Potential Sale of 3D Systems’ 3D Printing Software Business, Oqton


Buried in its Q3 financial report for 2023, 3D Systems (NYSE: DDD) highlighted the possibility of a major move that was missed by most of the general public and media: the potential sale of its software business, Oqton.

“During the quarter ended September 30, 2023, the Company concluded that it is more likely than not that it will sell or otherwise dispose of Oqton MOS, a business which the Company acquired in 2021. … As the present value of the estimated future cash flows expected to result from the use and eventual disposition of the asset group is less than the carrying value of the asset group, during the quarter ended September 30, 2023, the Company recognized $13,597 of impairment charges related to the acquired technology and trade names included in the Oqton MOS asset group.”

The Belgian firm was an exciting player in the software segment, having developed artificial intelligence (AI) for manufacturing execution systems (MES). Upon the purchase of the company in 2021, 3D Systems bundled it with its other software divisions, including Geomagic, and other acquisitions, like Additive Works. Altogether, the Oqton business now represents a comprehensive suite of tools.

The likelihood of selling the unit doesn’t appear to be a comment on Oqton itself, but rather 3D Systems’ necessity to streamline and dispose of assets. Financial challenges marked by a reduction in total revenue and net loss spurred this move. 3D Systems believes it can bolster its financial footing by concentrating on more profitable or central aspects of its business through capital generation or decreasing operational intricacies and expenses.

The firm also announced a reduction in employee numbers by roughly 6 percent, mainly in corporate and business support roles. Alongside job cuts, 3D Systems seeks to internalize the production of certain metal printer platforms to boost the production cycle from development by combining engineering and manufacturing.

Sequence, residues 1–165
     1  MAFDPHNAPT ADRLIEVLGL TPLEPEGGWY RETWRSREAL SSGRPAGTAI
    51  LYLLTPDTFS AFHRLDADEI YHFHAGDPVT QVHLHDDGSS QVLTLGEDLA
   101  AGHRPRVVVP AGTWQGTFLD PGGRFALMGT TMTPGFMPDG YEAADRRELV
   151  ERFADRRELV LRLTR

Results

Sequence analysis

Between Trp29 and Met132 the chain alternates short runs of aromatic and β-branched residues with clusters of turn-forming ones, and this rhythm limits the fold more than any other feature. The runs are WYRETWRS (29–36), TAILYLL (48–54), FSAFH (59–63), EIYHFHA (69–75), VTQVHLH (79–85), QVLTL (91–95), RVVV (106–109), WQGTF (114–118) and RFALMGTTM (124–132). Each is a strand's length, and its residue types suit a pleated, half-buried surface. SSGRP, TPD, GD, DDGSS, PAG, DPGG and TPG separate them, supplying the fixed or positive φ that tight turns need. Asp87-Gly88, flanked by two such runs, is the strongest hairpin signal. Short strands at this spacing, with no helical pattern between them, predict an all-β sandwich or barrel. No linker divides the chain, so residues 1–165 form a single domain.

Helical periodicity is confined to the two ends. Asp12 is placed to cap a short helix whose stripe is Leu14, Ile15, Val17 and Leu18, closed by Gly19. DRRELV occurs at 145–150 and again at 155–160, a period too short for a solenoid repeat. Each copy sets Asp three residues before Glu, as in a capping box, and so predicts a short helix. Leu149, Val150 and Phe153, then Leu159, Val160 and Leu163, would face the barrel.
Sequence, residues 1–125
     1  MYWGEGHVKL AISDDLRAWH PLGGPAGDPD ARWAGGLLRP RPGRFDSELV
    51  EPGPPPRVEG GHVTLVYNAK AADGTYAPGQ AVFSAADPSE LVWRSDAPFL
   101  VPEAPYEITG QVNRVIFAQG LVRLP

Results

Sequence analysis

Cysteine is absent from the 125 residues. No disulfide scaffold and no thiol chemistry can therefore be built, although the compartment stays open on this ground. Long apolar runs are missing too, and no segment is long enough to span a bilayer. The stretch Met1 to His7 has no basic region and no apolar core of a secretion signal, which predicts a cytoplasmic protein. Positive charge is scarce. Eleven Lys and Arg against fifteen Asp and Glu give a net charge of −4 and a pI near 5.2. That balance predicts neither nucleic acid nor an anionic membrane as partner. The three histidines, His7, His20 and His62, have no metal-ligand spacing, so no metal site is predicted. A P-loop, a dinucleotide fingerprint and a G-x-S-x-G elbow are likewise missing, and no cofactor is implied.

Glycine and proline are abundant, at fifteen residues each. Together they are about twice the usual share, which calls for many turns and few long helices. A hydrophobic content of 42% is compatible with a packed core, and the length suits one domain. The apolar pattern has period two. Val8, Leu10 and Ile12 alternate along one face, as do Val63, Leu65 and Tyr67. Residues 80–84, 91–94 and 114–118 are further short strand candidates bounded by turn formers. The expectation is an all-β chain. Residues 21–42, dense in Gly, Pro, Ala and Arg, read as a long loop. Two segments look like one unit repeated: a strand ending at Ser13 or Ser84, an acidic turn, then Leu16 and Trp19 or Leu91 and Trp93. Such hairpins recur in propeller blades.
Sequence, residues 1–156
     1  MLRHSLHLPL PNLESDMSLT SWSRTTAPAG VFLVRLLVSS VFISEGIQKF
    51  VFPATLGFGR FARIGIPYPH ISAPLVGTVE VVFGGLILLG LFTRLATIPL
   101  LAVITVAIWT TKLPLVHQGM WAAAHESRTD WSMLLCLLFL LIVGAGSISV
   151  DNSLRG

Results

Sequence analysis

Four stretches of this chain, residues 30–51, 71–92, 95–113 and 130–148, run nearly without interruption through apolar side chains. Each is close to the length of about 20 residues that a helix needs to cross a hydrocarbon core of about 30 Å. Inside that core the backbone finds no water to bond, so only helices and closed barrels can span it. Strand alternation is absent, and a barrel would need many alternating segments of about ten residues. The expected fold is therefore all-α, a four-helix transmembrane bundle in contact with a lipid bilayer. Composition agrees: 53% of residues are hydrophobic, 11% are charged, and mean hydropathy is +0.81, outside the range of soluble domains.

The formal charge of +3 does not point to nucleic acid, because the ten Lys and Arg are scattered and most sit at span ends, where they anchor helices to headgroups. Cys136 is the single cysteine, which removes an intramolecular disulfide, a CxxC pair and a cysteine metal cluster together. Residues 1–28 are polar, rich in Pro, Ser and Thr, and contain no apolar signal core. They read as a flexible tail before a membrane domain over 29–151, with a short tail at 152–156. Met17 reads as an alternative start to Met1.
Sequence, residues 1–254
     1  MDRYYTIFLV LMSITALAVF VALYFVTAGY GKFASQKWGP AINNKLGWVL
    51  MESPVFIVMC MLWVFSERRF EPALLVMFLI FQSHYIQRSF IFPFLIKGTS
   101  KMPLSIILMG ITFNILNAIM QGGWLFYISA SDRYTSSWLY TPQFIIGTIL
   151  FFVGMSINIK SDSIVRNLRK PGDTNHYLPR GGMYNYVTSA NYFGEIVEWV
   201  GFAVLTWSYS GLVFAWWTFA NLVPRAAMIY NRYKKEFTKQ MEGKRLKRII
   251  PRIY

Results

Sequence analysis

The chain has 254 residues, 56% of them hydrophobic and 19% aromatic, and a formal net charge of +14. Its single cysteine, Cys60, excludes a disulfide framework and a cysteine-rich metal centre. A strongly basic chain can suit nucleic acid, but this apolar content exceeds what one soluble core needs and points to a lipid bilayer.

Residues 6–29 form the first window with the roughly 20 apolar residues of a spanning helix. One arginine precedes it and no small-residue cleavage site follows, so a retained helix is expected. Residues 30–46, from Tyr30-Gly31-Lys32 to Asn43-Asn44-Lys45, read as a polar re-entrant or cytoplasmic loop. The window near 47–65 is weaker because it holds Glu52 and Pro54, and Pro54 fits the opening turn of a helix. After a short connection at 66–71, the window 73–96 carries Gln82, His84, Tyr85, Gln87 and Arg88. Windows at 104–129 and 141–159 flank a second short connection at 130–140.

Oqton monitoring quality in welding.

Estimating Oqton’s effectiveness as a software suite and business is tough from the outside, but it appeared to be an ideal package, at least on paper. The prospect of having a single tool provider for simulation, quality control, print preparation, and fleet management is attractive. The notion of integrating “AI” as a significant component of the suite also seems like it would spark customer interest and additional investment, considering the buzz around the technology.

It could be that the idea of AI isn’t all that it’s cracked up to be, lending credence to the philosophy of non-AI software firms like Dyndrite, or that Oqton wasn’t applying AI in the right places, like AI autocorrect startup 1000 Kelvin. Or Oqton may be a perfectly great software developer, but that 3D Systems just isn’t in a position to hang onto it in the current economic climate.

If this last scenario is the case, whoever does end up buying the business unit could pick up a valuable asset and turn themselves into an AM software leader and conquer what Additive Manufacturing Research suggests is currently a $1.2 billion market, according to its “Opportunities in Additive Manufacturing Software Markets 2023” report. Who would buy it is anyone’s guess, but because private equity (PE) took 3D Systems’ Quickparts service bureau, it wouldn’t be out of the question for a PE firm to acquire Oqton.

Given the fact that 3D Systems isn’t the only one being hampered by the current financial situation, one wonders if its long-time competitor, Stratasys (Nasdaq: SSYS), might end up selling its software division, GrabCAD. This would echo the pattern followed earlier, in which 3D Systems divested its service bureau division only for its competitor to do the same for large chunks of Stratasys Direct Manufacturing.

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